Islanders protest as part of national movement
By Mari Kanagy, Co-Content Editor
On Thursday, Nov. 15, islanders marched along with of tens of thousands of people across the country, rallying in support of special counsel Robert Mueller.
Fifteen days prior to the protests, President Donald Trump forced attorney general Jeff Sessions to resign. Sessions’ resignation led to the appointment of Session’s chief of staff, Matt Whitaker, as acting attorney general.
Whitaker has been vocal in his opposition to the Russia investigation — a look into possible ties between Russia and the Trump administration. He previously supported the defunding of the investigation. As acting attorney general, Whitaker would have the power to manage some components of the investigation, and may potentially hinder the independence of Mueller’s investigation in Russian collusion.
Whitaker’s power over the investigation is more significant than his predecessor’s. Sessions had no influence over the Mueller investigation, as he decided early on to recuse himself — Sessions worked on Trump’s campaign leading up to his election, and had private meetings with Russian diplomats.
Critics of Trump believe that he is attempting to control the legal investigations surrounding himself by appointing an outspoken opponent of the investigation to the acting attorney general position.
On Vashon, as all throughout the nation, protesters marched with signs portraying messages such as ‘Trump Is Not Above The Law’ and ‘Protect Mueller.’
One of these signs acted as a center-point of Vashon’s march. A light-up banner reading ‘Nobody’s Above the Law’ was contributed by the Backbone Campaign, an organization that has supported many protests on Vashon and throughout the nation.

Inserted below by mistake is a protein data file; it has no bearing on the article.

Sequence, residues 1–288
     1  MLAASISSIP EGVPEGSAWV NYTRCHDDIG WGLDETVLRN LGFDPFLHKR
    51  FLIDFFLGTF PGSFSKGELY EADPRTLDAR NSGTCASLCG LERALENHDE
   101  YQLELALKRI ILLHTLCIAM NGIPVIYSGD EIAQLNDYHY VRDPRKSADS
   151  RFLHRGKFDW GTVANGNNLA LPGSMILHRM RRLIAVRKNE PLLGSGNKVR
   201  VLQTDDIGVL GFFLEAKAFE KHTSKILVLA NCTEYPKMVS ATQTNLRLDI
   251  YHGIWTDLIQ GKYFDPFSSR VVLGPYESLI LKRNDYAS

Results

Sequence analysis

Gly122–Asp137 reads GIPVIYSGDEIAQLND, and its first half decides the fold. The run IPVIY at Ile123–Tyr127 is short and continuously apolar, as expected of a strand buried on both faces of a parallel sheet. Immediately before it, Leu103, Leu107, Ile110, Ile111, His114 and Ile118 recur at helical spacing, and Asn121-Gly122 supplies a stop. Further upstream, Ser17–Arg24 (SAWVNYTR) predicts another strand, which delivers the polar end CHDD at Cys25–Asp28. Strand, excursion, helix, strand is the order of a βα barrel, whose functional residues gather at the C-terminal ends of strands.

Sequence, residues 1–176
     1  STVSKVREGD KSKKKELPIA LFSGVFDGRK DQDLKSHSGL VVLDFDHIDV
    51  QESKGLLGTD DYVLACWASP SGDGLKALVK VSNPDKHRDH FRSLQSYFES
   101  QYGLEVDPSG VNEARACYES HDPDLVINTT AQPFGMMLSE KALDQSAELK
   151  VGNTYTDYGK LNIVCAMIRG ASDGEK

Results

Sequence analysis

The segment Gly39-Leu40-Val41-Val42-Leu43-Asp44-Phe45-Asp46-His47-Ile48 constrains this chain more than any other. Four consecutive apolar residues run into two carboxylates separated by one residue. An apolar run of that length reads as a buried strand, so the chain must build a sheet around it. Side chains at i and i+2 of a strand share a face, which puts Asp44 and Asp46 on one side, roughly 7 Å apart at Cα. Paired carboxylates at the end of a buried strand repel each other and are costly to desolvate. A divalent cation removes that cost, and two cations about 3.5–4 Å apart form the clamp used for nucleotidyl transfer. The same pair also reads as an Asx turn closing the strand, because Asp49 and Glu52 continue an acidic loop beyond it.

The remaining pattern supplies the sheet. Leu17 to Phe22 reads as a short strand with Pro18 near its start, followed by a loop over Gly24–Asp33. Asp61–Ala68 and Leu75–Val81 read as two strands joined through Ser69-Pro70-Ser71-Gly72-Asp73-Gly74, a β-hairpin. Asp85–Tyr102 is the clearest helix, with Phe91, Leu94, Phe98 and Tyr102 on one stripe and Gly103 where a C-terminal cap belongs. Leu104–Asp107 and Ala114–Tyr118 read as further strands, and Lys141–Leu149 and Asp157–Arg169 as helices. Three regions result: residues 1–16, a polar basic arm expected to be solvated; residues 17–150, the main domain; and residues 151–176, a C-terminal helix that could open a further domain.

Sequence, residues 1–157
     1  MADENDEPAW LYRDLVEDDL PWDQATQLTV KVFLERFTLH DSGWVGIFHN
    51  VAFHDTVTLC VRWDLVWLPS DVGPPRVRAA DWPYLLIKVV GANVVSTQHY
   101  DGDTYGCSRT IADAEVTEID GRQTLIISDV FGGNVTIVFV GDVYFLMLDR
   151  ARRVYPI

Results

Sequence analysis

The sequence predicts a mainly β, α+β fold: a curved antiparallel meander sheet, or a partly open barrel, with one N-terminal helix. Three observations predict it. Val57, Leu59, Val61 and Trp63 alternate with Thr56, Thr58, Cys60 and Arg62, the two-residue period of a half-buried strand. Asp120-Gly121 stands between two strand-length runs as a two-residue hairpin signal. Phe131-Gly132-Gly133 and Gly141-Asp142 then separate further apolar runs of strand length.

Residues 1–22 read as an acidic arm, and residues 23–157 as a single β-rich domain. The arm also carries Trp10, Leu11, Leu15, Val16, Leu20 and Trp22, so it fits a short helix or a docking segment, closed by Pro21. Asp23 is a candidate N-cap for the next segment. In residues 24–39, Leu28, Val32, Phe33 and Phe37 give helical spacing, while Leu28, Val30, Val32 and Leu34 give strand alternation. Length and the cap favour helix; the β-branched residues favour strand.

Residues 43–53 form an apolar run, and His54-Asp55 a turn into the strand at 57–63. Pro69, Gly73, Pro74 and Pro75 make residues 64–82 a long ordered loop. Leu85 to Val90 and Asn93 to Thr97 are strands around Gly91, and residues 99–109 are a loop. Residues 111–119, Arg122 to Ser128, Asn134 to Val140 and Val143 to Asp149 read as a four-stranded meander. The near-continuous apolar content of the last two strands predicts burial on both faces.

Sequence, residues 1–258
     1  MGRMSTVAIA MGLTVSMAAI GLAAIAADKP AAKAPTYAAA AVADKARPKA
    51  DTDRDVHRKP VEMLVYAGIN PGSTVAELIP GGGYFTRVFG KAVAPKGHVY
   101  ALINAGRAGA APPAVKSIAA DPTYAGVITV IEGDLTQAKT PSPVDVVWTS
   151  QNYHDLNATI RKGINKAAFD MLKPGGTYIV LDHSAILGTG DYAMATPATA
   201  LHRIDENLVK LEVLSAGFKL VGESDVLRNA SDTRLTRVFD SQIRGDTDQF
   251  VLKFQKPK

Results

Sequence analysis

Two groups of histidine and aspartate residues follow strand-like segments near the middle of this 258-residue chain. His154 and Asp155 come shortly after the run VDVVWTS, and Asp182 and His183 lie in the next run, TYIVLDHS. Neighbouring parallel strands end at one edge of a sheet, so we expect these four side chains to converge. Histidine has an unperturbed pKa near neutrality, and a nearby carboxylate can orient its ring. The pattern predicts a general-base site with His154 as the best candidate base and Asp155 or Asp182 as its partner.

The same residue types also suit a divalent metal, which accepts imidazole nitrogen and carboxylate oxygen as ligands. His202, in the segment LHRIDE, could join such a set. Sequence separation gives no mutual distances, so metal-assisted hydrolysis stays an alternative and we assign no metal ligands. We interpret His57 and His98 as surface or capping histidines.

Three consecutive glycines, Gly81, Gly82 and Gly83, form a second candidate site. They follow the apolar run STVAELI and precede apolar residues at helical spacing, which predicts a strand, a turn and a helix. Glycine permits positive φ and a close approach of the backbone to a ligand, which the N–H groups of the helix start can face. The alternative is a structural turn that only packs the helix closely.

“Backbone campaign has been nurturing this idea of solidarity brigades by supporting folks who utilize our [resources] for campaigns in their local communities,” Backbone Campaign Executive Director Bill Moyer said.
Backbone also donated a device, called a GOBO, designed to use light to project a written message. The device is meant to “raise the visibility” of an issue. The campaign has sent these devices to 28 cities across the country in an effort to support local movements.
“What we like about sending a spotlight out to a community … is that they can … adapt the message to fit whatever they are working on,” Moyer said.
In the case of the Mueller protest on Vashon, the message projected was ‘Democracy Not Dictatorship.’ During the march, the projection was displayed on the Vashon Landing building — diagonal from the Hardware Store.
Moyer explained the importance of working together when fighting for a cause, despite the political divides that exist within our country today: rallies give people the chance to come together and not feel so alone, especially as the march took place shortly after midterm election results came in.
“If it’s [the administration’s] grand strategy to divide, it should be a key element of our grand strategy to create unity, to connect,” Moyer said. “So we want to make sure that when we are taking action, we are not merely taking action in reaction to someone else, but we’re taking action in a way that demonstrates our values and our aspirations.”
In addition to the national ramifications, last week’s protests held particular significance for Moyer.
“It was important, nationally, that people have a response to an attempt by the president to avoid accountability or to attempt to obstruct justice,” Moyer said. “If we don’t respond when an outrageous thing happens, then it normalizes the outrageous thing. … I think that is dangerous in a time in which so many outrageous things are happening.”